At 23, my life was going about as well as any recent college grad could hope for: full-time job, no debt, new dog, new boyfriend.
Naturally, I decided to start stripping.
My parents put me in ballet class at age 4, and it stuck. I was transfixed by the grace of my teachers, with the long lines of their arms and the elegance of their movements. I watched myself in the mirror, mimicking. All I wanted in life was to be as pretty as they were.
Every June, the other girls in my classes complained about the recital. Too many sunny afternoons spent in the auditorium of the local high school, waiting for our turn during dress rehearsal. Garish spandex costumes with sequined trim that cut into our armpits. I probably complained too, but mostly I loved it. My classmates would fumble their steps onstage, sweating under the stage lights. I reveled in it.
At 17, I was as good at ballet as I was ever going to be, and I stopped telling myself and anyone who would listen that I was going to be a professional dancer. Instead, I set my sights on the only other thing I felt I’d always been good at and joined the school newspaper. The fantasies of tutus started to fade, but the eating disorders lingered.
Starting at 14, I had counted every calorie I could and stuck my fingers down my throat to bring up the ones I couldn’t. ‘Petite’ isn’t small enough for most ballet dancers; one must be waifish. I mostly quit making myself throw up when I got to college—the communal bathrooms made me too nervous—so I alternated periods of eating midnight pizza and Krispy Kreme doughnuts with my roommates and doing “cleanses” with raw vegetables and diuretics. I used diet pills and teas from the Asian market that made my stomach cramp too badly to want to eat. Seven years of refusing to let my body function normally left me with a heart murmur and fillings in my back molars. My hair may never recover.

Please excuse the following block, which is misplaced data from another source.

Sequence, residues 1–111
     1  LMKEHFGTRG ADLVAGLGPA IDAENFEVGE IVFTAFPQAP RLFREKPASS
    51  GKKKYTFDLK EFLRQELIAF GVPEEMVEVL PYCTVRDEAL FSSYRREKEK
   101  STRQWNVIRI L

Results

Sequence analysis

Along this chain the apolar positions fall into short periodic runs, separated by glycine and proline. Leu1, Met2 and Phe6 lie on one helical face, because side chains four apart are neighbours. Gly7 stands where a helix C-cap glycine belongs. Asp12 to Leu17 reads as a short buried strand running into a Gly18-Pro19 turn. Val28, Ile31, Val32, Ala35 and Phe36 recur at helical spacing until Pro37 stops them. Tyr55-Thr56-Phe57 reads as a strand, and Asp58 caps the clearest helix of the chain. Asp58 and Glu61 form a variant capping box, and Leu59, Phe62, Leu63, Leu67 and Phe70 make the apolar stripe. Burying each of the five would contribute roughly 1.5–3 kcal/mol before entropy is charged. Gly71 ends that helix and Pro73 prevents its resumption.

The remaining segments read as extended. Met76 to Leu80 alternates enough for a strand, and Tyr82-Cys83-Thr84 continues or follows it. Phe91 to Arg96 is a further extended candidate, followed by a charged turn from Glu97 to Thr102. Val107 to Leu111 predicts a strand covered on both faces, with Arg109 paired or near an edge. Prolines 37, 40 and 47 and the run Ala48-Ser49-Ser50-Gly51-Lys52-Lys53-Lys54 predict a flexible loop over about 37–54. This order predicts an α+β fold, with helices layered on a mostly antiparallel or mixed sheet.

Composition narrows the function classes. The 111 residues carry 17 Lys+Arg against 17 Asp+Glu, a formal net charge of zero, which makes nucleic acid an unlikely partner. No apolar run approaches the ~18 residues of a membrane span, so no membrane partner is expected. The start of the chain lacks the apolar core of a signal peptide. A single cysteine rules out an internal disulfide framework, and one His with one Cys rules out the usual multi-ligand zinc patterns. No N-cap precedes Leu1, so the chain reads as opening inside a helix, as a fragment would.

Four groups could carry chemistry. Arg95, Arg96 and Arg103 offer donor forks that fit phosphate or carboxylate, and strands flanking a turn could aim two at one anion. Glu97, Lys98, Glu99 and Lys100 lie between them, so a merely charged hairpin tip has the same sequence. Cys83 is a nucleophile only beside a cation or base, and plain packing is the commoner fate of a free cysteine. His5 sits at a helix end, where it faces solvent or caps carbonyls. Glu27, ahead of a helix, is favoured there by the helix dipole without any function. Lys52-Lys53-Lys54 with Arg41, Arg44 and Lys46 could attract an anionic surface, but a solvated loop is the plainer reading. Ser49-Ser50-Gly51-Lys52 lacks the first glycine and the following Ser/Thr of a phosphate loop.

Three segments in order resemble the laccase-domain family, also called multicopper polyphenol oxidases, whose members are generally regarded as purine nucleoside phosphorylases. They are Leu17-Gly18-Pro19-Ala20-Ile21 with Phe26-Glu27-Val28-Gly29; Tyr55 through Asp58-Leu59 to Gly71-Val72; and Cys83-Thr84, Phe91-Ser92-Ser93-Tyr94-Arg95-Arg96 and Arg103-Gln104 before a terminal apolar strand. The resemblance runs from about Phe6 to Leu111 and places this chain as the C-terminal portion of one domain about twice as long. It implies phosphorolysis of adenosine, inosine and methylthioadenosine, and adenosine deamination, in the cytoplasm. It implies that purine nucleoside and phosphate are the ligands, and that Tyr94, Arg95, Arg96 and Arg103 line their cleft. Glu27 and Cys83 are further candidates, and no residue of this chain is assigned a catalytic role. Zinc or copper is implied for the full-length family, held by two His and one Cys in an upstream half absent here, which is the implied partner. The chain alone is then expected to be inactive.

I never heard anyone say anything negative about another person’s body. I rarely heard people disparage their own bodies. Those who did were rebutted with a chorus of love and approval.
When I’d been out of college for six months and still living in Gainesville, Florida, a friend told me an acquaintance of his was starting a vaudeville troupe and looking for performers. Salivating at the thought of being back in the world of live performance, I sent an email and was told the slate for the first show was full, but I could stage-manage the inaugural show at a local hippie bar. From the restroom door at the side of the stage about a month later, I watched the troupe leader’s second-ever burlesque performance: A nervous, lanky woman with breasts as small as mine (!) speed-stripped out of a corset and an 80s-era black velvet prom dress to the song “Tijuana Taxi.” It was the first live burlesque act I’d ever seen, and it was terrible. I was transfixed.